Chapter  5. Defining Clinical Staff and Roles and Responsibilities (Denise M. Korniewicz) • Introduction • Assessment of the Clinical Environment • Identification of Clinical Staff • Engaging Clinical Staff • Sustaining Clinical Staff in the Project • Debriefing Clinical Staff About the Project • Summary • Refrences

Chapter 6. Team Building, Inter-Professional Collaboration (Maridee Shogren) • Introduction • Leadership • Positive Communication Skills • Team Building • Interprofessional Collaboration • Summary • Application Exercises: Team Building, Leadership, and Interprofessional Collaboration • References

Chapter 7. Debriefing the Clinical Staff (Mary Wyckoff) • Introduction • Step 1: Understanding Debriefing and the DNP Project • Step 2: Learning Styles and Debriefing • Step 3: Miller’s Pyramid for Assessment • Step 4: Facilitator Principles for Debriefing Sessions • Summary • References


Part IV: Interpretation, Dissemination of Findings, and Beyond

Chapter 8. Interpretation of Findings and Impact on Clinical Practice (Denise M. Korniewicz) • Introduction • Interpreting a Qualitative DNP Project • Part II: Interpreting Quantitative DNP Projects • Part III: Impact of the Clinical Findings • Summary • Application Exercises: Quantitative Versus Qualitative Data Methods • References

Chapter 9. Dissemination of Findings, Presentations, and Publications (Carol Patton) • Introduction • Determining Authorship • Presentation of Oral or Poster Projects • Preparation of a Manuscript • Peer Review Process for Publication • Where to Submit for Publication • Where NOT to Submit for Scholarly Publication • When to Submit for Publication • How to Submit for Publication • Editorial Responses to Submitted Publications • Summary • Application Exercises: Development of a Meaningful Poster Presentation • References

Chapter 10. After the Project: Incorporating Knowledge into a Successful Career (Denise M. Korniewicz) • Introduction • Step 1: Defining Clinical Scholarship • Step 2: Cultivating Ones’ Own Clinical Scholarship • Step 3: Life-long Learning and Clinical Scholarship • Step 4: Roadmap for Clinical Scholarship • Step 5: Examples of a Clinical Scholar • Summary • References


Part V: Answers to the Application Exercises

Chapter 11. Application Exercise Answer Keys



About the Author:

Dr. Denise M. Korniewicz, PhD, RN, FAAN, is the author of over one hundred manuscripts and four books. She has held a variety of leadership, research, and faculty positions throughout her academic career. After receiving her degrees from Madonna University (BS), Texas Woman’s University (MS), and the Catholic University of America (PhD), she completed postdoctoral education at the Johns Hopkins University, School of Nursing and the School of Medicine in the Department of Infectious Disease. She holds certificates in executive management and higher education from the Wharton School of Business, Carnegie-Mellon University, and Georgetown University, School of Nursing. She is a fellow in the American Academy of Nursing and has been awarded the American College of Clinical Engineering Challenge Award, the Georgetown University, School of Nursing Faculty Award, and the mentor award for outstanding achievement from Sigma Theta Tau. Most recently, she has been presented with the Albert Nelson Marquis Lifetime Achievement Award by Marquis Who’s Who.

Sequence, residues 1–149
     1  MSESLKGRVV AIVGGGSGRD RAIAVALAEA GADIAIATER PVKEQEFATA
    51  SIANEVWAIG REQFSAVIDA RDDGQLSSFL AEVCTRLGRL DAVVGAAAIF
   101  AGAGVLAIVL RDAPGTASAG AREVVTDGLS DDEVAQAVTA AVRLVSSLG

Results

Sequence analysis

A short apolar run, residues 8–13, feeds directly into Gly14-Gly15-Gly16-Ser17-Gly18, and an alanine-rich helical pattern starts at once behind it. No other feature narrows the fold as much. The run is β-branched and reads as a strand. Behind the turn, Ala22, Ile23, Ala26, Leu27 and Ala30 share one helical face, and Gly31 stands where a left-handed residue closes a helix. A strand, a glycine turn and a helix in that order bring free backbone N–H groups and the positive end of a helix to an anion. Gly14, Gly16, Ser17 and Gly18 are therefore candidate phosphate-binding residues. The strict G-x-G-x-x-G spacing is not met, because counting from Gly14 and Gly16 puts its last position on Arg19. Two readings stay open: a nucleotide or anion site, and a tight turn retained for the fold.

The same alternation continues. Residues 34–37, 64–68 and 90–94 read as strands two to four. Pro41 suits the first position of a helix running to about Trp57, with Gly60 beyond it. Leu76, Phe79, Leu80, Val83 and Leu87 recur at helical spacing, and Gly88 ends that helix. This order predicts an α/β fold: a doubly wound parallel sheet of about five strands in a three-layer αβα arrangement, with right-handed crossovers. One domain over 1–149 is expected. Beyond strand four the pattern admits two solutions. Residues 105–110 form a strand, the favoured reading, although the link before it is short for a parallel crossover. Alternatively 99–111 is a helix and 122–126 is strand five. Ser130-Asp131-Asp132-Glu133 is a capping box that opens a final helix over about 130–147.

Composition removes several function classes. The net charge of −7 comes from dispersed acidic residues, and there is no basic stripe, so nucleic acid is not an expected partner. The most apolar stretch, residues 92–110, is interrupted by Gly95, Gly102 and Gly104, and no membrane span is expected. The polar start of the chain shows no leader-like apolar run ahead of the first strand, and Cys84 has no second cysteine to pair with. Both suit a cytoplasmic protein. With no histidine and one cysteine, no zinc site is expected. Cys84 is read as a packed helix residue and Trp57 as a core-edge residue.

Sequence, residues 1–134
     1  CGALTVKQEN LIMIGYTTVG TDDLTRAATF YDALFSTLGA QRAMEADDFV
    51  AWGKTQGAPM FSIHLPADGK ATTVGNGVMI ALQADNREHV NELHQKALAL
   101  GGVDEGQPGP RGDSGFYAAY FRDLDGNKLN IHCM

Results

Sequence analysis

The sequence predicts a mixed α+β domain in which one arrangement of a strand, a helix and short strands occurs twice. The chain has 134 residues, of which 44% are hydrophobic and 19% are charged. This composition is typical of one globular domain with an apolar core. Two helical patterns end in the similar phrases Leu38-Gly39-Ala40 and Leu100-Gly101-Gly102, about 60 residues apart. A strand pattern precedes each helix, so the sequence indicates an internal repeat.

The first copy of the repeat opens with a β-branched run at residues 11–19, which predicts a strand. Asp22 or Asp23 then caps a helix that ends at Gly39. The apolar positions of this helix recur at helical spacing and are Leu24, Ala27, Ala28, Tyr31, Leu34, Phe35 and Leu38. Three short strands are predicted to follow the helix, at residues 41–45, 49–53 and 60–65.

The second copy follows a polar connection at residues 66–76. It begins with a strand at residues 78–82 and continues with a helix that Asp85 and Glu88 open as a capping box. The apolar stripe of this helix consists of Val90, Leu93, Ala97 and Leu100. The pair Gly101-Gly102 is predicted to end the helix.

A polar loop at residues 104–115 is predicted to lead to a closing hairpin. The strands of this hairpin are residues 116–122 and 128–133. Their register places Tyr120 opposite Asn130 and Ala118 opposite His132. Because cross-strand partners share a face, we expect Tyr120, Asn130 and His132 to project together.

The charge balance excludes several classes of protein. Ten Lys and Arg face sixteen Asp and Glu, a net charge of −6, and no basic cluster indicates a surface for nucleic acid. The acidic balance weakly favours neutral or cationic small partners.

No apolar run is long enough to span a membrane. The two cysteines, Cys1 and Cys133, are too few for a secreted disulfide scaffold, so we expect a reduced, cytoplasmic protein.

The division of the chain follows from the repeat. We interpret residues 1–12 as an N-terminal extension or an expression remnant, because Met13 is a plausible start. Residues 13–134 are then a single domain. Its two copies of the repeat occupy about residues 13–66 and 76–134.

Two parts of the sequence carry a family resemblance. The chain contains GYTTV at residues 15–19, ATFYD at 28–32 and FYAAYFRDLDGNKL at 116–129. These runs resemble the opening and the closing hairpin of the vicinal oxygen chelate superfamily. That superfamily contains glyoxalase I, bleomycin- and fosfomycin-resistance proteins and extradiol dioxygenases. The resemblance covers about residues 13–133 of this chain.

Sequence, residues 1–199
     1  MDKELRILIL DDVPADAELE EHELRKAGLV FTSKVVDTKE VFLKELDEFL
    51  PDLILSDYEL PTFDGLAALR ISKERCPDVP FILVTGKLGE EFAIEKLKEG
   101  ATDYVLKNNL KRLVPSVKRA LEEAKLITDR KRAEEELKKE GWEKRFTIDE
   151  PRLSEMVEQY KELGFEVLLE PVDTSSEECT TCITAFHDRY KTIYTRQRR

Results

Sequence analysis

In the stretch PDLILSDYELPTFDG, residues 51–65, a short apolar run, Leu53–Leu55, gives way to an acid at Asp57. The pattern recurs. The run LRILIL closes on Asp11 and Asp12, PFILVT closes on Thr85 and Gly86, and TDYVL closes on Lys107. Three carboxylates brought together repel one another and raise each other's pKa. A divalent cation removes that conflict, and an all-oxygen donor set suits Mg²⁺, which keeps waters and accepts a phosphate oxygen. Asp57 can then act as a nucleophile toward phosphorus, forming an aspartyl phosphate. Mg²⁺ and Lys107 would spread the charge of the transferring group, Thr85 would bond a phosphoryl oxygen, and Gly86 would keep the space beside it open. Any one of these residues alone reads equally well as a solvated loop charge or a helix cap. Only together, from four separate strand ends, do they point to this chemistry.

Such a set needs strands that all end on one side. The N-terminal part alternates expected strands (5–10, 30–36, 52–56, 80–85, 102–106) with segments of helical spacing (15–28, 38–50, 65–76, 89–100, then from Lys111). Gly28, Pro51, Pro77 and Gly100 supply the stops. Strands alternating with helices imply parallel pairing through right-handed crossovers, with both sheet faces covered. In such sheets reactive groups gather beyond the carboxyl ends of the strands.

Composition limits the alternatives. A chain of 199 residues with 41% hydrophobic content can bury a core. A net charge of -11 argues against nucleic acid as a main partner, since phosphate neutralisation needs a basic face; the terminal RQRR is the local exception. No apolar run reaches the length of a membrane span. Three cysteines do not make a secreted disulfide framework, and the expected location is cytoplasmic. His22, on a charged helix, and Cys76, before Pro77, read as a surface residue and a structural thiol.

Because of her research endeavors with interdisciplinary colleagues (microbiology, engineering, business, and biostatics), she has been a pioneer in the area of protective gear for healthcare personnel and has played a key role in the development of quality patient safety indicators, infection control standards, and international policies associated with new medical technologies. She has been recognized as a scholar, entrepreneur, business leader, and clinician.

   Throughout her career, she has been instrumental in working with graduate students and has been a role model in both formal and informal healthcare organizations. Dr. Korniewicz’s clinical research experience has provided multiple mentorship opportunities for DNP students. As a result of her extensive faculty, researcher, and administrative background, this book has been written to provide a practical approach for DNP students to develop their final DNP project. A stepby-step approach with specific examples as to how to successfully complete the DNP project has been provided.

Target Audience:

This book is useful for DNP (Doctor of Nursing Practice) students or faculty teaching in DNP Program.